AIDS Project Los Angeles, in collaboration with a range of community partners, will hold its quarterly HIV Matters town hall forum, which will feature an interactive presentation from leading HIV research experts from UCLA and City of Hope. Timothy Brown, the “Berlin Patient,” will also attend and engage in the panel discussion. Brown is the only known person worldwide to have been effectively cured of HIV
Buffet Dinner: 6:00 PM to 7:00 PM
Speakers: 7:00 PM to 9:00 PM
The event will feature The Berlin Patient Timothy Ray Brown, Founder, Timothy Ray Brown Foundation of the World AIDS Institute, along with top HIV/AIDS researchers including David DiGiusto Ph.D., Research Professor, Dept. of Virology, Director - Laboratory for Cellular Medicine, Beckman Research Institute of the City of Hope; Ron Mitsuyasu, M.D., Director of the Center for Clinical AIDS Research and Education at UCLA (CARE); Professor of Medicine, UCLA David Geffen School of Medicine); Jerry Zack, M.D. (Professor in the Departments of Medicine and Microbiology, Immunology & Molecular Genetics at the David Geffen School of Medicine at UCLA); Brian Risley, MFA (Manager, Treatment Education Program, AIDS Project Los Angeles)
West Hollywood Park Auditorium
647 North San Vicente Boulevard West Hollywood, CA 90069
Parking in the West Hollywood Park Structure next to the library.
Street parking is also available.
More information is also available at apla.org/hivmatters
HIV Matters is a quarterly town hall forum that explores the latest advances in HIV/AIDS treatment, care, biomedical prevention, and cure research. The November 14 event will feature Timothy Ray Brown, known worldwide as The Berlin Patient. He has been living HIV-free for the past five years after contracting the disease in 1995. Brown is the only known person to have thus far been cured from HIV. He also suffered from acute myeloid leukemia, which ultimately led to a bone marrow transplant from an donor who was genetically resistant to HIV. One focus of the HIV Matters forum will be a discussion regarding how science is advancing this high-risk procedure into other therapies that could be used much more safely with the general HIV-positive population – and could potentially lead to a viable cure for the disease. Much of the leading HIV cure research is happening in Southern California, making Los Angeles the ideal venue for this event, thanks largely to the California Stem Cell Initiative.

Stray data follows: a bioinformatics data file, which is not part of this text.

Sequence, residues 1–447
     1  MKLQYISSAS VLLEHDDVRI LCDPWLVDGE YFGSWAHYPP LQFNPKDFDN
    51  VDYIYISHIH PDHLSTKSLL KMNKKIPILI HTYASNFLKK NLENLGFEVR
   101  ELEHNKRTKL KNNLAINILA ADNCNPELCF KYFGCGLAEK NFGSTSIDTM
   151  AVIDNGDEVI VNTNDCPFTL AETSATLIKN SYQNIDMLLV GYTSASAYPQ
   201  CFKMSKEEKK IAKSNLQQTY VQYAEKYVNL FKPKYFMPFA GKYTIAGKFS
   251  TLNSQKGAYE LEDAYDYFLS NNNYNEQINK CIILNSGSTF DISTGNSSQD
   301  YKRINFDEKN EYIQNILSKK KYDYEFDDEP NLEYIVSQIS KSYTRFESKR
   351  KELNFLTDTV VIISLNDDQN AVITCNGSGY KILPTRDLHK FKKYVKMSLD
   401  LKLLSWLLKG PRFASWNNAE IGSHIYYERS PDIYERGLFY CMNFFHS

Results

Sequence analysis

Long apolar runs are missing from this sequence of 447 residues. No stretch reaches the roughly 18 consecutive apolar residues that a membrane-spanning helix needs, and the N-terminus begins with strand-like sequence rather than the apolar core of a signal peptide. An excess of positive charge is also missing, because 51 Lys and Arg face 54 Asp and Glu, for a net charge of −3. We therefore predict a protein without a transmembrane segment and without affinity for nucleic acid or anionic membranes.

As well, the National Institutes of Health is highly invested in HIV cure research and biomedical prevention efforts. APLA also works closely with another local leader in HIV vaccine and cure research, the UCLA Center for Clinical AIDS Research and Education (UCLA CARE). This cure forum was also presented in Palm Springs on the evening of November 13 in collaboration with the Positive Life Series.
AIDS Project Los Angeles (APLA), one of the largest non-profit AIDS service organizations in the United States, provides bilingual direct services, prevention education and leadership on HIV/AIDS-related policy and legislation. With more than 30 years of service, APLA is a community-based, volunteer-supported organization with local, national and global reach. For more information, visit apla.org.